Thanks, Robin and hello to everyone. We have people from all over the country here today, which is pretty exciting that we''ve gotten such a great level of participation. I hope all of you have recovered from the polar vortex. We''re getting the next wave here and to those of you in California, I wish I were there. [Laughter] But we will hope for the best. Jim and I will be presenting. I''m going to do most of the first one. And Jim and I will share the second and then he will do most of the third, which is about more focused on facilities. Jim and I come from different backgrounds. We have different histories and between us, I think we have several perspectives and many, many opinions. We both have done -- take on be various approaches to self-evaluations and transition plans. We hope we can pass some of that on to you. I worked on enforcement and regulation and Project Civic Access technical assistance, certification of codes at the Department of Justice and before that I was at the Access Board and now as Robin said, I''ve worked with different types of entities, basically in two capacities. One is to help them comply with the ADA to avoid litigation or to respond to it if they do get involved and the other is doing quite a bit of speaking and training. Jim and I together serve on the board of the National Association of ADA Coordinators, where we twice a year present a two day track called access and services, and we also do some other presenting there, and we''ve trained and presented together in a number of places. So our goal is to help promote compliance overall. We want to do it in an effective way that''s not too difficult for those who are doing it and in a way that''s understandable and that is tailored to their needs and that''s basically why we''re here today as well. Jim, would you like to say a little bit about yourself?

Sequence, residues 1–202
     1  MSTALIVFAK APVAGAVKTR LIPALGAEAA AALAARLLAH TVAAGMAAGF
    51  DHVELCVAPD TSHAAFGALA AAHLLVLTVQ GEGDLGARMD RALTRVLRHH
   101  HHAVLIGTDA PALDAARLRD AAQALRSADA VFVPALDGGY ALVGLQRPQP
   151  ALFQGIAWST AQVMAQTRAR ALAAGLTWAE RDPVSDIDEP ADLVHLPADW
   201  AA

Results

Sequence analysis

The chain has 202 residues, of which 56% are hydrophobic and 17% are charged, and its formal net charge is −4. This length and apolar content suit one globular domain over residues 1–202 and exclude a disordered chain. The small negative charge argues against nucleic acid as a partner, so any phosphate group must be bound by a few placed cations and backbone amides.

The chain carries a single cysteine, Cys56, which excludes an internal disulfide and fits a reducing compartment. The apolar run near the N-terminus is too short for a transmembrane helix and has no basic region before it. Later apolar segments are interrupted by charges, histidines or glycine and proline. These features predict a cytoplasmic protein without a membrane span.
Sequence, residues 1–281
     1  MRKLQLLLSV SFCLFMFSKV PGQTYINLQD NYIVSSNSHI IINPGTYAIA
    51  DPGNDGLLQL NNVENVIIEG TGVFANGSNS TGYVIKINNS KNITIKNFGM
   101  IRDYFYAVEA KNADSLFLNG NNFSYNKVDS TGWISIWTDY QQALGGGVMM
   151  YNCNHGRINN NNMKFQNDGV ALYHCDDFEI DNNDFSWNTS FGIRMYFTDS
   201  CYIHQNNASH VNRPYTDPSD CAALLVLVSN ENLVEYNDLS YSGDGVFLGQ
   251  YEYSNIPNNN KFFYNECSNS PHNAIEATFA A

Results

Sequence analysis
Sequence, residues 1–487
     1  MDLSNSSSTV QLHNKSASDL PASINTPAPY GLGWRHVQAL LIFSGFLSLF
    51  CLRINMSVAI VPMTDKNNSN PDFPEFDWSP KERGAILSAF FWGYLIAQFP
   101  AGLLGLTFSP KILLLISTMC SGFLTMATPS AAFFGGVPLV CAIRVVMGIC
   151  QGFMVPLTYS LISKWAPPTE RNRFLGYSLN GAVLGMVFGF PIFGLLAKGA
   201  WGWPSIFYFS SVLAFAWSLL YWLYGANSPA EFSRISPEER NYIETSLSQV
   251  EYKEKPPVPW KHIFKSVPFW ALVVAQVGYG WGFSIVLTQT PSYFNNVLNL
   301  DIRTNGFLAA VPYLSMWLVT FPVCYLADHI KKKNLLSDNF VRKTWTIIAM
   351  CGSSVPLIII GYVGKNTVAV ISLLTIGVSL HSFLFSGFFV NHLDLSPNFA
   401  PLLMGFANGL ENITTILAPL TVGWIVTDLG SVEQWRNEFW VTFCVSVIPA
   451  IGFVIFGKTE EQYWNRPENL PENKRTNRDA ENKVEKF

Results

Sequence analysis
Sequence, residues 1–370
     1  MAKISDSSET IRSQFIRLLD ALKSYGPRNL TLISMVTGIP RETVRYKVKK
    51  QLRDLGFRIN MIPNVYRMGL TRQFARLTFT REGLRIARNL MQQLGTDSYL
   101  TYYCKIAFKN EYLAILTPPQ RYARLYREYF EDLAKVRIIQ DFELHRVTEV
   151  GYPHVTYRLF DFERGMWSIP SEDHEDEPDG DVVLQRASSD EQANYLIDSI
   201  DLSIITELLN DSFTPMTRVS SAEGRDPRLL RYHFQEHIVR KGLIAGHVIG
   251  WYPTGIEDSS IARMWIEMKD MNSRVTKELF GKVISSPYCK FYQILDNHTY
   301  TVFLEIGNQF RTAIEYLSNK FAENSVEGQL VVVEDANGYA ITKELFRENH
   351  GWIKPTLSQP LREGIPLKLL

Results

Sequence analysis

I think Robin''s introduction was fine. Let''s go ahead and get into the meat of the presentation.